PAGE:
Tame Their Anger
It’s very, very important to teach your child that even though it’s perfectly normal to get angry or upset, it’s not normal to display destructive behaviour every time they do. For instance, if your child is pestering you for a toy at the supermarket and begins to tear down the display rack when you refuse, you’ll have to put your foot down.
This goes for violent aggression as well. If you let your child get away with raising their hand on you when they’re upset or strike back when they do, you’re only letting them know that it’s okay for them to express their anger that way.
This will likely stick with them and they may grow up to use physical violence as a form of expression later in life as well.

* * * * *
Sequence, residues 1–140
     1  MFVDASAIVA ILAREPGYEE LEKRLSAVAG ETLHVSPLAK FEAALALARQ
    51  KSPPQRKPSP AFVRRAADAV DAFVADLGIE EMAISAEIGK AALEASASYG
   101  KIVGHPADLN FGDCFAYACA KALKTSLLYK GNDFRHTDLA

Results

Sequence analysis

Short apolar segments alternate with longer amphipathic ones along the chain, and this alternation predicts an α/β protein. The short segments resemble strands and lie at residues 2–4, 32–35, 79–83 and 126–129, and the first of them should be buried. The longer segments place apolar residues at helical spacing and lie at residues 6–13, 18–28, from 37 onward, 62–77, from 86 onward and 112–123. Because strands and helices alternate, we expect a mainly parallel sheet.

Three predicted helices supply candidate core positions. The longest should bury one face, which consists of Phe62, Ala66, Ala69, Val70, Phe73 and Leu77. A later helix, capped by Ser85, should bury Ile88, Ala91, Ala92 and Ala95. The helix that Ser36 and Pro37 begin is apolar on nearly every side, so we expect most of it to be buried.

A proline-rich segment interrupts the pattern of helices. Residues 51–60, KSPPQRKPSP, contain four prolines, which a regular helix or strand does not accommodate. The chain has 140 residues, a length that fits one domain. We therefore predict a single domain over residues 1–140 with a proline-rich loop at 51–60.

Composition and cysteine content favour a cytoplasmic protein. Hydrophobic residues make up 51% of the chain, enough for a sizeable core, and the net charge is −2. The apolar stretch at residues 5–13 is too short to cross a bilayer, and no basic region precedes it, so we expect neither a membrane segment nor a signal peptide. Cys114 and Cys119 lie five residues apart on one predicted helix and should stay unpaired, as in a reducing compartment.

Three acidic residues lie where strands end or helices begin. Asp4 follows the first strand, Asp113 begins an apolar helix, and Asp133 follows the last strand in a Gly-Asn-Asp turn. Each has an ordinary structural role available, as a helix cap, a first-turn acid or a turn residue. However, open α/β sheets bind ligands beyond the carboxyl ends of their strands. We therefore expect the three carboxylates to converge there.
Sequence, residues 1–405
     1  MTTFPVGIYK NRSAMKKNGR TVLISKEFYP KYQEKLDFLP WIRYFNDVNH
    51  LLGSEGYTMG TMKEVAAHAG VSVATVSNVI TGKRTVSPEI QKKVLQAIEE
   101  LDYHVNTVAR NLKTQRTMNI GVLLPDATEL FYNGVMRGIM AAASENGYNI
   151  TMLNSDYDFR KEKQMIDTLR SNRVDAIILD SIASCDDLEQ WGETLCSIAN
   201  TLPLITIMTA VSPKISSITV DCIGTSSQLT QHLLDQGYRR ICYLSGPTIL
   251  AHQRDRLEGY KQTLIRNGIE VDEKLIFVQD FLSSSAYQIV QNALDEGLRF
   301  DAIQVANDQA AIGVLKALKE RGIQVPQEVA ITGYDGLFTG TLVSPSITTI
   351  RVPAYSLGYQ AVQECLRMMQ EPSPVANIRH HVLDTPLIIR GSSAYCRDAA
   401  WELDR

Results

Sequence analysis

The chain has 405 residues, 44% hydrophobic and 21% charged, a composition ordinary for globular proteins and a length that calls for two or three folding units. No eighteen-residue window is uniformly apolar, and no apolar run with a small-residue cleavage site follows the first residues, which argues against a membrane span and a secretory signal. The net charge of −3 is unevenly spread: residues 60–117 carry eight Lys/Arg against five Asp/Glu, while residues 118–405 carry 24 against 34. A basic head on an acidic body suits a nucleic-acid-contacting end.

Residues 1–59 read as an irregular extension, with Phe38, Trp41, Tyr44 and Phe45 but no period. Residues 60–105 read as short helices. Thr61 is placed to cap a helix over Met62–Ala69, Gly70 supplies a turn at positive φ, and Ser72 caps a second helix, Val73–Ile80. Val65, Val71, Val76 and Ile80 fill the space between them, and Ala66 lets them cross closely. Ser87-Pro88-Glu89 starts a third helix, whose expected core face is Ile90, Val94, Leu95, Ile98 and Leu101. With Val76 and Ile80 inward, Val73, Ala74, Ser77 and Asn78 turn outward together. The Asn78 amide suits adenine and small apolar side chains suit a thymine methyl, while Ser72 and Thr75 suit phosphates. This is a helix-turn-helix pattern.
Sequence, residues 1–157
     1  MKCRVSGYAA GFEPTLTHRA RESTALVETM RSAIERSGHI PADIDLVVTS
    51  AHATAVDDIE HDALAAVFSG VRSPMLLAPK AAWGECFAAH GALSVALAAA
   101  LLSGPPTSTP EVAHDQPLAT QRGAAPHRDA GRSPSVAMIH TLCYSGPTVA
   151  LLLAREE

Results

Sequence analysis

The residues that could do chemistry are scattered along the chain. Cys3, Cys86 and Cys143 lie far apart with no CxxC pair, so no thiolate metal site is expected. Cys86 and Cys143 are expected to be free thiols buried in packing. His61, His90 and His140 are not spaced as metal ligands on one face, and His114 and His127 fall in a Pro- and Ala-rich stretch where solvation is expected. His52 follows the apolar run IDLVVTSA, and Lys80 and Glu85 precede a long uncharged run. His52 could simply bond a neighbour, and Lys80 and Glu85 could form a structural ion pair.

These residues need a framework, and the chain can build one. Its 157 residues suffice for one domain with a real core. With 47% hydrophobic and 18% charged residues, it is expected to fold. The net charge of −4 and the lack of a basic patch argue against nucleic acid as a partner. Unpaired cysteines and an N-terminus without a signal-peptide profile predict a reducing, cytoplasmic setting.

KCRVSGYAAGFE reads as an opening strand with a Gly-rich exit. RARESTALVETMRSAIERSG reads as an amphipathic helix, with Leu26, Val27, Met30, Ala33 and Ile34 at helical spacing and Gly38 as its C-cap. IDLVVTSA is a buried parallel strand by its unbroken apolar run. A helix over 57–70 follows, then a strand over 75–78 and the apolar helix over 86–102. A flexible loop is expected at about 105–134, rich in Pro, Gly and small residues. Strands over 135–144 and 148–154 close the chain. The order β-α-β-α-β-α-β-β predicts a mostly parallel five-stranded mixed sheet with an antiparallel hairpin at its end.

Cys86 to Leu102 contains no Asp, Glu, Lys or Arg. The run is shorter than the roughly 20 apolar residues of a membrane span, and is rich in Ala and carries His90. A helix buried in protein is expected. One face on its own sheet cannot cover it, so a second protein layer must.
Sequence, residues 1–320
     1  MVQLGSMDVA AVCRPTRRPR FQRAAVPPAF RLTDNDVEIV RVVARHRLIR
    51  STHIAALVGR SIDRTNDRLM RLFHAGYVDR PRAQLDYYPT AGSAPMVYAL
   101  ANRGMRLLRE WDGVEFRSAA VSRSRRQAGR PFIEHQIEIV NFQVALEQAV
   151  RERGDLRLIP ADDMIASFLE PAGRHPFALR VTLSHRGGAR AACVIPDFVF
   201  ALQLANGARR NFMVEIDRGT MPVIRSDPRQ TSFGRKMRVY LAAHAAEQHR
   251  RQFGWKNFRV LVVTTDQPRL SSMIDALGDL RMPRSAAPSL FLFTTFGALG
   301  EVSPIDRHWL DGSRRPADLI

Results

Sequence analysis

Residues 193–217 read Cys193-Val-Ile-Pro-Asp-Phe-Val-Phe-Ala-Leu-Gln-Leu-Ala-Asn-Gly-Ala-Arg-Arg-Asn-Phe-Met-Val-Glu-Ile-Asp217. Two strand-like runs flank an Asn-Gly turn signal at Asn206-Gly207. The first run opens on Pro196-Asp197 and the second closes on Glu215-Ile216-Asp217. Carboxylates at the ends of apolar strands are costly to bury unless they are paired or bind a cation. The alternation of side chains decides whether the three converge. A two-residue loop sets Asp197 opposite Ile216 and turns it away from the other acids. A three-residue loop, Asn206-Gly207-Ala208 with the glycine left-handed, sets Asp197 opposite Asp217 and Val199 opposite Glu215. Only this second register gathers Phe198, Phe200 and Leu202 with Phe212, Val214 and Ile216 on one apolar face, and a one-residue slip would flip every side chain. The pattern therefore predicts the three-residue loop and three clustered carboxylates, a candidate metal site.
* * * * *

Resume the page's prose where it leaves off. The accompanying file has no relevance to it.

Instead, teach them to channel their anger into something productive, like art or physical exercise. If you instil this habit in them at a very young age, they’ll be well equipped to deal with teenage angst later on as well.
Evaluate Their External Environment
The key to understanding your child’s behavior especially if they have frequent outbursts is to evaluate what external factors which could be causing them. If you’re certain that there’s nothing at home that could be promoting such behavior, ask yourself if it’s something at their play school or school instead.
For instance, maybe your child is having learning difficulties and is not able to keep up with their coursework or isn’t getting along with his/her classmates. You’d be surprised at how many children have difficulty learning how to read and how frustrating this can be for them.
Since they wouldn’t know how to deal with their emotions and express their difficulties to you clearly, they’ll end up taking out the anger on you or their siblings instead. If this is indeed the case, don’t belittle your child or make them feel stupid for not learning how to read and don’t allow their siblings/friends to do so either.